New Formal Office Dress Code

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Comments (8)

logongra in Burton-on-trent, United Kingdom

6 months ago

For the past three years the company I work for has allowed wearing business casual clothing for office staff. However even though we are not public facing, they have now decided they want to return to formal dress so they have issued a new formal dress code. We have all now been communicated to about it and given a copy of the new office dress code. For male employees like me, it will mean rather than being allowed to wear a polo type shirt, a formal long sleeved collared shirt and a tie will have to be worn at all times.

We have a very good idea that the change of dress code is due to some employees taking advantage and going more casual than business casual, and the company has now decided they need to take action.

When we previously had a formal dress code, our manager then was never over strict about it, and there were some who did step a little outside of the boundaries. However the manager we now have has told us that the new dress code will be strictly enforced at all times, and she will be formally disciplining any member of staff if they attend work inappropriately dressed in anything outside of the dress code.

I’d say that whilst she is a very good ambitious young manager who keeps mainly to the rule, she is not normally over strict and she is easy to get on with, but to just inform staff that she will be formally disciplining anyone if they are seen not adhering to the new policy seems rather harsh.

The decisions on this may well have been passed down to her from higher management though I have a strong feeling that she herself favors the change back to a formal dress code so it could well be that she finds this the best way to ensure that staff strictly adhere to the formal dress code.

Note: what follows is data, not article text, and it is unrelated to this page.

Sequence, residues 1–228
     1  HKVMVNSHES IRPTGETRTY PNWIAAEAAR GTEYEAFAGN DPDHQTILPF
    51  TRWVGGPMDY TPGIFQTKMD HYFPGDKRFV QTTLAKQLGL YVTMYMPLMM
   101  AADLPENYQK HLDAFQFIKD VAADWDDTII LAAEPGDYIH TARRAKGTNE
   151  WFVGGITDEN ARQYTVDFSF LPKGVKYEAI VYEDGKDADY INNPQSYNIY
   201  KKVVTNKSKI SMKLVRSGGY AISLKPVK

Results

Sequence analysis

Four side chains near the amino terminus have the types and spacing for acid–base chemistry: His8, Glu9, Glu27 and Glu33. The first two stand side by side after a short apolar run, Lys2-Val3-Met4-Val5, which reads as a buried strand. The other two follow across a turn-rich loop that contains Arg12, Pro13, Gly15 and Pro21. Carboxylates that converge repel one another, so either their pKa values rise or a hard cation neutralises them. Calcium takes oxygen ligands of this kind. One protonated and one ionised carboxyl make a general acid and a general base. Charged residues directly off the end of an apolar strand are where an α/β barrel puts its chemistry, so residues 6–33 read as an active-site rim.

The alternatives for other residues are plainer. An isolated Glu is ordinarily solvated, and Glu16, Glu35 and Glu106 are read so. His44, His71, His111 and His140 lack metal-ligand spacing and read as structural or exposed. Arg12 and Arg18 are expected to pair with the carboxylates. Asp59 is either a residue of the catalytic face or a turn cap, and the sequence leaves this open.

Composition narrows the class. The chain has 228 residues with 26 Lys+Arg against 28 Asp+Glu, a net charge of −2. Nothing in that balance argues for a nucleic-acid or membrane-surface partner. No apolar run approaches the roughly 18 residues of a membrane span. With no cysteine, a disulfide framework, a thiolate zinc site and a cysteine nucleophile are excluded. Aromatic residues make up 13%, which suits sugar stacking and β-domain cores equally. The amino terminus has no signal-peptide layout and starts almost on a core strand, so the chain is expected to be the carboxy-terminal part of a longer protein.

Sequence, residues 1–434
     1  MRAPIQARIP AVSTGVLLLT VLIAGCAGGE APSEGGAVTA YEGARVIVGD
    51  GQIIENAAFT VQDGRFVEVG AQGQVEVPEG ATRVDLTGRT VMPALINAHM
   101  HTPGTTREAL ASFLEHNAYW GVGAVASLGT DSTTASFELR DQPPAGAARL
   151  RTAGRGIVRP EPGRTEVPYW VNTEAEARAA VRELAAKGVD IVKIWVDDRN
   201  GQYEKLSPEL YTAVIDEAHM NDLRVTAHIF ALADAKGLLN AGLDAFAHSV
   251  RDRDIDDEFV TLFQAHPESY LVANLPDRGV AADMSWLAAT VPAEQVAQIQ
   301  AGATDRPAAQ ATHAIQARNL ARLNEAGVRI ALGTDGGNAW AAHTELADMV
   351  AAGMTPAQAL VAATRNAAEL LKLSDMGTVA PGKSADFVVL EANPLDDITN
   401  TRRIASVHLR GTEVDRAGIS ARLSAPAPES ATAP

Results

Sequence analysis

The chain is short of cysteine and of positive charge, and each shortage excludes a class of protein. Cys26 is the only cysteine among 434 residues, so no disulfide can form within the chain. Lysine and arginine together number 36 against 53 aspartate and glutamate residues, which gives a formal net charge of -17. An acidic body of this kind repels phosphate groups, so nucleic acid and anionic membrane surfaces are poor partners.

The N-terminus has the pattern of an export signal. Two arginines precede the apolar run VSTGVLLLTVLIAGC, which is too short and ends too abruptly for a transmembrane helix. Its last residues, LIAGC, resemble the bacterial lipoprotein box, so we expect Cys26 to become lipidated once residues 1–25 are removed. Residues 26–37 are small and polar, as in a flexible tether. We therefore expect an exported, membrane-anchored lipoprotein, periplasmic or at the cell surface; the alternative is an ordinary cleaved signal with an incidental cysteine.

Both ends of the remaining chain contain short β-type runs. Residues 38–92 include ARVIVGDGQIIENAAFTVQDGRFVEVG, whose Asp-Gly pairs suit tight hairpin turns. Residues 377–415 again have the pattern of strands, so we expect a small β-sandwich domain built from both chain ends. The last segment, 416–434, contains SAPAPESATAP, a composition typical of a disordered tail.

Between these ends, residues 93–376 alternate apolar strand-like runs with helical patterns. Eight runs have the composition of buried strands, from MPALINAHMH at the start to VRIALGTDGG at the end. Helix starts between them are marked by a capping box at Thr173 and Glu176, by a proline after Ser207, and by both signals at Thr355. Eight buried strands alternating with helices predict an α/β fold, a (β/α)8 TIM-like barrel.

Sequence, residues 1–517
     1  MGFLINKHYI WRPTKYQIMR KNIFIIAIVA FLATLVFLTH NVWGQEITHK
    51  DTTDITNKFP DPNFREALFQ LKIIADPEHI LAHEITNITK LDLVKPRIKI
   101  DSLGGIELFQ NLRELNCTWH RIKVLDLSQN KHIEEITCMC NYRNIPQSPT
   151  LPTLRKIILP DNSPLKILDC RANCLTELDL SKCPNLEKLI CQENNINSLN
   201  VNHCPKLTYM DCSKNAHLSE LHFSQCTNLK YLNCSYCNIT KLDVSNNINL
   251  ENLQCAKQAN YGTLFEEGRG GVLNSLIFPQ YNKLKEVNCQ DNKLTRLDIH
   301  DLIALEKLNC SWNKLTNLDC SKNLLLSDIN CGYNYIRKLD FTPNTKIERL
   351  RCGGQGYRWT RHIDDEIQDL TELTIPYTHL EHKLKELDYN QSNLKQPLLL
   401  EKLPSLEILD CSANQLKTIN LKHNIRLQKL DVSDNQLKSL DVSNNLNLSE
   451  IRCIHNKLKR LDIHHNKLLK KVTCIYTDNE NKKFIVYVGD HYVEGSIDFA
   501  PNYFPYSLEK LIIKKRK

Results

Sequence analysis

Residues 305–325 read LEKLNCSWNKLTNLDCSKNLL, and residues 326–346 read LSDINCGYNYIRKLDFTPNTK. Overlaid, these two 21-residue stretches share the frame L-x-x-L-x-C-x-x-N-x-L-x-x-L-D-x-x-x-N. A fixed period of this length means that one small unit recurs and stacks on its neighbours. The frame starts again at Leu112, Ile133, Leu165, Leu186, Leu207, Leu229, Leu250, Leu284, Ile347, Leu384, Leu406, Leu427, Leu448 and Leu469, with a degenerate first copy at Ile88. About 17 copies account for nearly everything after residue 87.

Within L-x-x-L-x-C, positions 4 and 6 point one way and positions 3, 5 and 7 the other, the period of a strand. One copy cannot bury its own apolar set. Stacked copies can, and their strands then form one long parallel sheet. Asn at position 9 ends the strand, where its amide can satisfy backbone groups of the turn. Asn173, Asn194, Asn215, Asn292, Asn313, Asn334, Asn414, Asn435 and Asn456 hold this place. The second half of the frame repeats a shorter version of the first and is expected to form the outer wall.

You may think differently to me, some of our staff feel that she is being fair by making it clear now that we will be disciplined for not adhering to the new code.

Tell me your honest opinion, is she being harsh or perfectly fair?

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AndyRising in a State of Bliss

6 months ago

I think paragraph two is the reason for paragraph three. And you should be prepared for at least a year of tie-wearing before they relax (if they ever do).

Do they still sell clip-on ties?

Do bow ties count?

How about bolo ties or string ties?

Ask your manager these important questions.

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Ruby Slippers in Las Vegas, Nevada

6 months ago

logongra in Burton-on-trent, United Kingdom said:

Tell me your honest opinion, is she being harsh or perfectly fair?

I think she understands her place on the food chain as should you. I have never fought dress codes and only remember once being "sent home" because I wore a sleeveless dress which was not allowed. Yes it was in our handbook and no, I missed that part. I worked in a bank at the time.

Corporations really have a disdain for strong showings of individuality so have your workday "uniforms" and then have your weekend attire. Moving on...

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Ruby Slippers in Las Vegas, Nevada

6 months ago

AndyRising in a State of Bliss said: I think paragraph two is the reason for paragraph three. And you should be prepared for at least a year of tie-wearing before they relax (if they ever do).

Do they still sell clip-on ties?

Do bow ties count?

How about bolo ties or string ties?

Ask your manager these important questions.

I worked for one bank where black was the only acceptable color for shoes. Another place, you could choose your color of shoe but the shoe (woman's) had to have a back strap and no "peek toe" shoes were allowed. They said it was for safety purposes but one of the Directors had an unhealthy fetish about women's toes.